Again, different answers to this question are evident in Barclay. The joint reasons seem to
suggest that the action is based on a wrong done to the employee: ‘What is presently
important is that the injury is “wrongful” because it is a wrong done to the servant not
because there was any breach of a duty of care owed to the master.’6

On the other hand, Kiefel J took a very different view. As indicated, she did not think that the
action required a wrong to have been committed. Her view of the action was based on the
implications of the events for the employer: ‘The action per quod servitiumamisit was not
based upon a wrong having been committed. It was the consequences of the employee’s
injury for the employer, the loss of service, for which an action in trespass lay.’

It is submitted that the view of Kiefel J is correct. It has significant historical support.
Recalling the trespass-based origins of the action, it was the interference with the plaintiff’s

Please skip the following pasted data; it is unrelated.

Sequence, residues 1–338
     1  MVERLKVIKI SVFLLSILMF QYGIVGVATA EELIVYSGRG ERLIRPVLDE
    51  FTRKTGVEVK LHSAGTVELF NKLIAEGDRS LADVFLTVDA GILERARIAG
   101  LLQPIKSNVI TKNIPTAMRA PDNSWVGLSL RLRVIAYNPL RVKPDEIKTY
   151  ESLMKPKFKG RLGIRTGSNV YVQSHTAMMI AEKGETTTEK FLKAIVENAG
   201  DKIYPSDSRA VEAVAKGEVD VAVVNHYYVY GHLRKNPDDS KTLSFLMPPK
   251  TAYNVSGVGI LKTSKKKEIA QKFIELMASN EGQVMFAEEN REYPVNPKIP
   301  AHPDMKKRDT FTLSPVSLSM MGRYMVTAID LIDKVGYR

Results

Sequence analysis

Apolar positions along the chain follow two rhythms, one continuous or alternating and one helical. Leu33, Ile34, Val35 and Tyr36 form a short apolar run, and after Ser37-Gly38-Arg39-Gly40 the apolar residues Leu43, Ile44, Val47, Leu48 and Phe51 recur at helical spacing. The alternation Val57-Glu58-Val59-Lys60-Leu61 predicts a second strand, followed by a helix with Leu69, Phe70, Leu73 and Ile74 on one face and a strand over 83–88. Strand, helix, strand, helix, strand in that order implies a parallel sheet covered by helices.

property right that was the gist of the action, not the injury to the employee. For instance,
Tindal CJ in Grinnell v Wells, speaking about the father’s right to claim on the tort of
seduction, but in terms equally applicable to the action for loss of an employee’s services
given their common ‘household’ connections, stated: The foundation of the action by a father
to recover damages against the wrongdoer for the seduction of his daughter, has been
uniformly placed, from the earliest times, hitherto, not upon the seduction itself which is the
wrongful act of the defendant, but upon the loss of service of the daughter, in which service

6Barclay (2012) 246 CLR 258, 281–2 [34] (emphasis in original).